This abstract from the Financial Times was produced by Kantar Media
Financial Times Money, p. 2

Rate rises ‘won’t be happening any time soon’
Interest rate rises are “not going to happen any time soon” as the economy takes time to regather strength, the Bank of England’s chief economist Spencer Dale said today. In a local radio interview Dale underlined that the Monetary Policy Committee will only raise rates from their current record low of 0.5% “when we see a sustainable recovery and the economy is strong enough to withstand it”.
Evening Standard London, p. 57

JPMorgan settles with US watchdog for record $13bn
JPMorgan Chase has reached a $13bn settlement with US authorities over claims it misled investors in mortgage-backed securities. It’s the largest penalty by the DoJ against a single financial institution.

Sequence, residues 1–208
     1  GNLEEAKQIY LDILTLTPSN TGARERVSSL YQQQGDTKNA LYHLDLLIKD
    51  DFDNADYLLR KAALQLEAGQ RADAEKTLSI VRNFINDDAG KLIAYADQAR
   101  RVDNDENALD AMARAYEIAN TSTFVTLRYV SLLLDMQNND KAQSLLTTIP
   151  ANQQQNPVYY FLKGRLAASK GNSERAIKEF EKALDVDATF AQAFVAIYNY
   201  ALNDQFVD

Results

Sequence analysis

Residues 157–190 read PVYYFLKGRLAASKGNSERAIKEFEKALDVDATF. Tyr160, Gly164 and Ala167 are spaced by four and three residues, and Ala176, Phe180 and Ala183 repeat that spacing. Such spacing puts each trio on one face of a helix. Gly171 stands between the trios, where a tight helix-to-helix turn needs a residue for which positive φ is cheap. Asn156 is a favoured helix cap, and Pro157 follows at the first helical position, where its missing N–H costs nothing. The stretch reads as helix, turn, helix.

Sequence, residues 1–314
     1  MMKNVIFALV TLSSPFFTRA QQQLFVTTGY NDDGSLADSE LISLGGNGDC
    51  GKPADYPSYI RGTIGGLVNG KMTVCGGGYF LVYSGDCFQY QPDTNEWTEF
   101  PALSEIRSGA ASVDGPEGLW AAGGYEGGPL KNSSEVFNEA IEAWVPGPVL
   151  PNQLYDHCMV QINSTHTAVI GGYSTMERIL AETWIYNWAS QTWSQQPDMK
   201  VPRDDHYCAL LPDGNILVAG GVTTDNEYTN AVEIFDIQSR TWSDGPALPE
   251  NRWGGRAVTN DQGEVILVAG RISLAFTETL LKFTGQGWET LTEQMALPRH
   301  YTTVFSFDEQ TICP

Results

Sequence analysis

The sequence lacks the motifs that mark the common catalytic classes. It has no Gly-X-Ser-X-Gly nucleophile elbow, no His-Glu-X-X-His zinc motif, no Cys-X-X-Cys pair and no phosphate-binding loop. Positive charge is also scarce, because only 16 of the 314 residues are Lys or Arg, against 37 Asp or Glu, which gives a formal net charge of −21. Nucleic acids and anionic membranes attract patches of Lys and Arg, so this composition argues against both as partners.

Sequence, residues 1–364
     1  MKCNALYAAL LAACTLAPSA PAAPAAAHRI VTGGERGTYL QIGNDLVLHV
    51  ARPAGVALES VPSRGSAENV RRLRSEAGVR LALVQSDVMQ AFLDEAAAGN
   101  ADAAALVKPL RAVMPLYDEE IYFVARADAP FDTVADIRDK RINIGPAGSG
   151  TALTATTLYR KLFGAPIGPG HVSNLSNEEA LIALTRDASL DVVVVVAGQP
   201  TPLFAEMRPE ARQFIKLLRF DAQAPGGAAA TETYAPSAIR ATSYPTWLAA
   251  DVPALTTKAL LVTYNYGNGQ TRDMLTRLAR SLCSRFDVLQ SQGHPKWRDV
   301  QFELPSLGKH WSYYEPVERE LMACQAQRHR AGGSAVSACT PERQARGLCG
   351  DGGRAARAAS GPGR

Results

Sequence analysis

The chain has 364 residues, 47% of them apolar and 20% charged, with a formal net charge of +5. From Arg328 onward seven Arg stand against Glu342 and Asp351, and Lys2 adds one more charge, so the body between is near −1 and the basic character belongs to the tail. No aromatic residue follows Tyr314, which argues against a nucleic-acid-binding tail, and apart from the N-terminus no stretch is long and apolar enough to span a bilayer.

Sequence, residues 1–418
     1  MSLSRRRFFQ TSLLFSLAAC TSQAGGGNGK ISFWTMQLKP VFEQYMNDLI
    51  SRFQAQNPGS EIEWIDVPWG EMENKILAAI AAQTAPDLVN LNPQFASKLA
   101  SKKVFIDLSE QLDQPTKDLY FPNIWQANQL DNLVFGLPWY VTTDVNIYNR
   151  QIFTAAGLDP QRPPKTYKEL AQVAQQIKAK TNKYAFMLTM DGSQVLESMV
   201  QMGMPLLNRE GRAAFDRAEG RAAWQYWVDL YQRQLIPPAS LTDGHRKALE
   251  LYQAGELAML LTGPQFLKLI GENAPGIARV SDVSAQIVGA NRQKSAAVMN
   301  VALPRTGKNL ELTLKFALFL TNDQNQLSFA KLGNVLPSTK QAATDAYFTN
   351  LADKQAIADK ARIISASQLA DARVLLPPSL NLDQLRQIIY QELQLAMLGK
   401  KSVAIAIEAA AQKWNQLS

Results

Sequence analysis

This abstract from the Financial Times was produced by Kantar Media
Financial Times, p. 14

Banks where staff may be a thing of the past
Major banks are understood to be in talks to introduce “express” branches, smaller outlets that would be almost completely devoid of staff.
The Daily Telegraph, p. 14

Savers lured by decade-long fix
Leeds building society has launched a savings deal with 4% interest, but it will require the customer to lock away their deposits for 10 years.
The Sunday Times Money, p. 6

A Sunday Telegraph investigation has indicated that insurers have been making profit by directing savers into pensions designed for “superhealthy” people who live to an average age of 93, depriving pensioners with health conditions ranging from raised cholesterol or terminal cancer o an average of £450 in annual old age income. mention of current figures from the Association of British Insurers showing that standard annuity rates now vary by 10pc between providers.